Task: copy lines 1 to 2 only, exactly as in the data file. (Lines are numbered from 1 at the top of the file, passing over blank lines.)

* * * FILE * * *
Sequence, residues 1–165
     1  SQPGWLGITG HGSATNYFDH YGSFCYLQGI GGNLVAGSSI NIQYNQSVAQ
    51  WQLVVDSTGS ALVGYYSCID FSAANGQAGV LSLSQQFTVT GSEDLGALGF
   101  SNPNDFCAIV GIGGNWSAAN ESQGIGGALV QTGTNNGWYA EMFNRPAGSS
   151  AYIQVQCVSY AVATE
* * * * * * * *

Sequence, residues 1–165
     1  SQPGWLGITG HGSATNYFDH YGSFCYLQGI GGNLVAGSSI NIQYNQSVAQ